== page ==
Booting IRIX Installation
from CD

 General Information


The first step of installing IRIX to an empty disc is booting the installation system and partitioning your harddisc. Unfortunately booting the CD is not self-explanatory. If your SGI doesn't have a CD-ROM, but you have a second machine which does, you may also consider installing IRIX over your LAN. This may also be the only way for some older machines, which require an installation tape instead of a CD-ROM.

Which CD is the Boot-CD?

First you have to select the right CD to boot the installation. In most cases the correct CD is the first overlay CD (in case of IRIX 6.5.x it should be called "Installation Tools and Overlays") or simply the first (or even single) CD for older versions.

Getting the Hardware Adress of the CD-ROM

For booting the installation CD-ROM, you need to interrupt the booting sequence of your machine and "stop for maintenance". When there is no operating system on your HD, the firmware will automatically do this for you.

Now you have to enter the command line by chosing the appropriate option from the PROM screen. Insert the CD into the drive and enter hinv at the command line prompt, so you can find out which SCSI-ID your CD-ROM drive has. This should display something like this:

>> hinv
                   System: IP32
                Processor: 200 Mhz R5000, with FPU
     Primary I-cache size: 32 Kbytes
     Primary D-cache size: 32 Kbytes
     Secondary cache size: 1024 Kbytes
              Memory size: 256 Mbytes
                 Graphics: CRM, Rev C
                    Audio: A3 version 1
                SCSI Disk: scsi(0)disk(1)
               SCSI CDROM: scsi(0)cdrom(4)

This output will tell you that your CD-ROM is connected to controller 0 with ID 4. Let X denote your controller and Y the device ID (in this case the CDROM is on SCSI-bus x=0 and ID y=4).

Selecting the Correct fx/sash Version

Before you start the installation, you have to know which version of sash and fx your machine (the client) requires. Many platform require different kernel versions, even already for the installation. The following table gives you an overview of the different versions. Note that not all hardware platforms are supported by all IRIX versions!

System sash-Version / fx-Version
Personal Iris 4D/2x boot -f dksc(X,Y,8)sash.IP6
boot -f dksc(X,Y,7)fx.IP6 --x
Personal Iris 4D/3x boot -f dksc(X,Y,8)sash.IP12
boot -f dksc(X,Y,7)fx.IP12 --x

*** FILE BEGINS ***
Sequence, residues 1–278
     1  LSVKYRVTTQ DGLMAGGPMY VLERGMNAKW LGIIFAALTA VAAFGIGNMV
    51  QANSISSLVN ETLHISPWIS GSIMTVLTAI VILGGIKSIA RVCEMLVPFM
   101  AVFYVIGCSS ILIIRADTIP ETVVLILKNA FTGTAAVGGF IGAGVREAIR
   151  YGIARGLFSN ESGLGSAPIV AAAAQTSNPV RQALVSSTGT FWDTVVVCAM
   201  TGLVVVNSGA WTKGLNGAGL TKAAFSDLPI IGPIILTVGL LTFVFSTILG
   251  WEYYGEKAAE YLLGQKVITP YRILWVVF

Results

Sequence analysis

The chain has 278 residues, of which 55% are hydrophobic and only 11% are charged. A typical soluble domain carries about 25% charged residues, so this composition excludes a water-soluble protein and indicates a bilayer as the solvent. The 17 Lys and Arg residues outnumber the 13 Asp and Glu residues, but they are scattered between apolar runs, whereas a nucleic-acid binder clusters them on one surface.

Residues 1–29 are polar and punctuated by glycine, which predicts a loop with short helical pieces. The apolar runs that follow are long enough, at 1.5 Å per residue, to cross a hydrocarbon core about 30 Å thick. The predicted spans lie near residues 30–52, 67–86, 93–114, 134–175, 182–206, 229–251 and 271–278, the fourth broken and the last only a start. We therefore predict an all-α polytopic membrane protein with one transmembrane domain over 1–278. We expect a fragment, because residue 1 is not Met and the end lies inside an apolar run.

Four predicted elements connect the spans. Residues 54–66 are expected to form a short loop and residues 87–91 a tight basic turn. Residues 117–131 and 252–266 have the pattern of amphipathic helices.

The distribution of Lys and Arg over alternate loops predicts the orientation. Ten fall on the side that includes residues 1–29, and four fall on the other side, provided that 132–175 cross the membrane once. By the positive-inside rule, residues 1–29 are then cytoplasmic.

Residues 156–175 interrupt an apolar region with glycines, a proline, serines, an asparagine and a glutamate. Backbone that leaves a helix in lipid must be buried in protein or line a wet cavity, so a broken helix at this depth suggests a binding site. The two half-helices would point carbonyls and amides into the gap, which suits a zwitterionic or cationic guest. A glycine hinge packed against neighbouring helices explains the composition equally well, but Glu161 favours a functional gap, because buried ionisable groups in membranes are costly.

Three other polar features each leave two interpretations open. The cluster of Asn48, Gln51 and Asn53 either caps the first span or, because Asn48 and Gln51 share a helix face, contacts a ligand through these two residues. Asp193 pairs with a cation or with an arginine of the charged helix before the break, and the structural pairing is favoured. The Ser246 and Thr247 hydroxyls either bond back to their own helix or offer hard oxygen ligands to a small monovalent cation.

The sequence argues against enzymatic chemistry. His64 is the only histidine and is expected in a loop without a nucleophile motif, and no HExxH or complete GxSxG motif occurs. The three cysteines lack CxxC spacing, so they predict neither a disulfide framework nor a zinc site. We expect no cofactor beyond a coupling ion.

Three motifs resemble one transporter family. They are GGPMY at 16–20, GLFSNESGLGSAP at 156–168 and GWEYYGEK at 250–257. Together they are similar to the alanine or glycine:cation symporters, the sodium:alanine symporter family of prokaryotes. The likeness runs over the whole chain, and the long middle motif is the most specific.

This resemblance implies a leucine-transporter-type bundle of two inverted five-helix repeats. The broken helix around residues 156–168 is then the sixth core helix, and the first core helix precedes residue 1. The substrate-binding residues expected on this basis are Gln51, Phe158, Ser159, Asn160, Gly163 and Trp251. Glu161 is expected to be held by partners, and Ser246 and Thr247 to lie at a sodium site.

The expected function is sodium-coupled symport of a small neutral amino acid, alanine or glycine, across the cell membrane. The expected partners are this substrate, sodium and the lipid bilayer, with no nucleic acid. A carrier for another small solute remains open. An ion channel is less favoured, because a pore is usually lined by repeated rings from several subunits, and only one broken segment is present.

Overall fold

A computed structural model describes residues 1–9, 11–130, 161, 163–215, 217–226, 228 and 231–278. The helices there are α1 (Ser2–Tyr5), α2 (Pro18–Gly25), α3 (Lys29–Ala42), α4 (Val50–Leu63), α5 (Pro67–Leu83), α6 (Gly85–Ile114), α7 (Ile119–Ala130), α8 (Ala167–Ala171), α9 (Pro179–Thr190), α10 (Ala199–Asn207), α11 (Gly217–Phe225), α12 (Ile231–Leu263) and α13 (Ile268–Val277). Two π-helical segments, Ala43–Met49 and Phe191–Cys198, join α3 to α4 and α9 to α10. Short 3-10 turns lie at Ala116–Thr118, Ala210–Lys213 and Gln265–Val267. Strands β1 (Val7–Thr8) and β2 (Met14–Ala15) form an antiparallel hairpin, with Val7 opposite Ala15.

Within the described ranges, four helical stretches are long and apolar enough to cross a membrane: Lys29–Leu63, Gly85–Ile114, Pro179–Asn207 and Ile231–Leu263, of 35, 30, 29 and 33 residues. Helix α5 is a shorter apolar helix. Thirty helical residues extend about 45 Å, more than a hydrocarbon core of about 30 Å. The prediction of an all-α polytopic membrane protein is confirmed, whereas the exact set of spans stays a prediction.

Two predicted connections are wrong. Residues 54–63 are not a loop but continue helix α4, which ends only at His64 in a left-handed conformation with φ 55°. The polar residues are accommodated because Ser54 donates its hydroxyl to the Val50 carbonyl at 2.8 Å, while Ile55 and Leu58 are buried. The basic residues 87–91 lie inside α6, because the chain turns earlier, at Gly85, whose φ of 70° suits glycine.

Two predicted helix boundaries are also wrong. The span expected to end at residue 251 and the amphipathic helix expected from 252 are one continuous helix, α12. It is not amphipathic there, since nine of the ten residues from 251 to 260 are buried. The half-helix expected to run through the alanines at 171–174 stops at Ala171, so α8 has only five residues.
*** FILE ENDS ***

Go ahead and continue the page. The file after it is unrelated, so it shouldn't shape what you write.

Professional Iris 4D/120 boot -f dksc(X,Y,8)sash.IP5
boot -f dksc(X,Y,7)fx.IP5 --x
Professional Iris 4D/210 boot -f dksc(X,Y,8)sash.IP9
boot -f dksc(X,Y,7)fx.IP9 --x
Professional Iris 4D/2x0
Professional Iris 4D/3x0
Professional Iris 4D/4x0
boot -f dksc(X,Y,8)sash.IP7
boot -f dksc(X,Y,7)fx.IP7 --x
Crimson boot -f dksc(X,Y,8)sash.IP17
boot -f dksc(X,Y,7)fx.IP17 --x
Indigo R3000 boot -f dksc(X,Y,8)sash.IP12
boot -f dksc(X,Y,7)fx.IP12 --x
Onyx/Challenge R4000
Indigo R4000
Indigo² R4000
boot -f dksc(X,Y,8)sashARCS
boot -f dksc(X,Y,7)fx.ARCS --x

On newer IRIX releases this has changed to
boot -f dksc(X,Y,8)sashARCS
boot -f dksc(X,Y,7)stand/fx.ARCS --x
Onyx/Challenge R8000
Onyx/Challenge R10K
Indigo² R8000
Indigo² R10K
boot -f dksc(X,Y,8)sash.64
boot -f dksc(X,Y,7)fx.64 --x

On newer IRIX releases this has changed to
boot -f dksc(X,Y,8)sash64
boot -f dksc(X,Y,7)stand/fx.64 --x
Origin 200 boot -f cdrom(X,Y,8)sash.64
boot -f cdrom(X,Y,7)fx.64 --x

On newer IRIX releases this has changed to
boot -f dksc(X,Y,8)sash64
boot -f dksc(X,Y,7)stand/fx.64 --x

Listing the Content on the CD

In newer IRIX versions, there is not always an fx present directly on the CD, or sash.64 is renamed to sash64. In order to find out which boot-programs are available on your CD, you may list the content by typing

>> ls dksc(X,Y,8)

at the PROM prompt. This gives you a list of all programs avaible to the bootloader. This also works at the sash prompt. Of course this step is optional and normally just needed if the straight method fails.

Booting sash

When you have selected the correct Versions of sash and fx you can boot from CD by typing at the Command Line Interface of the PROM (of course you need to type the correct version of sash).

>> boot -f dksc(X,Y,8)sashARCS

Then the stand alone shell will be loaded. Simply type help for more information and a list of available commands and actions.

Booting fx

Note that you first have to boot sash, and only from the sash prompt you can start the partitioning tool fx. When sash is loaded, you can boot into fx by typing (again you should replace fx.ARCS by the correct version from the table above)

sash> boot -f dksc(X,Y,7)fx.ARCS --x

For example the whole sequence for starting fx on an O2 you would need to enter

>> boot -f dksc(0,1,8)sashARCS
sash> boot -f dksc(0,1,7)fx.ARCS --x
fx version 6.5, Oct  1, 1999
fx: "device-name" = (dksc)
fx: ctlr# = (0)
fx: drive# = (1)
fx: lun# = (0)
...opening dksc(0,1,0)

fx: partitions in use detected on device
fx: devname             seq owner   state
fx: /dev/rdsk/dks0d1s0    1 xfs     already in use selftest...OK
Scsi drive type == SGI     IBM DDRS-34560W S96A

----- please choose one (? for help, .. to quit this menu)-----
[exi]t             [d]ebug/           [l]abel/           [a]uto
[b]adblock/        [exe]rcise/        [r]epartition/

On newer IRIX releases, the partitioning programs have moved into the subdirectory /stand. In this case you will have to type

sash> boot -f dksc(X,Y,7)stand/fx.ARCS --x

Booting old SGI Machines from CD

Booting old machines (like the 4D series) may cause a little more trouble, because not all of them know how to handle CD-ROM drives. In my case (a 4D/25) the only solution was a network installation.

When the machine boots, it should enter the setup like this:

System Maintenance Menu

1) Start System
2) Install System Software
3) Run Diagnostics
4) Recover System
5) Enter Command Monitor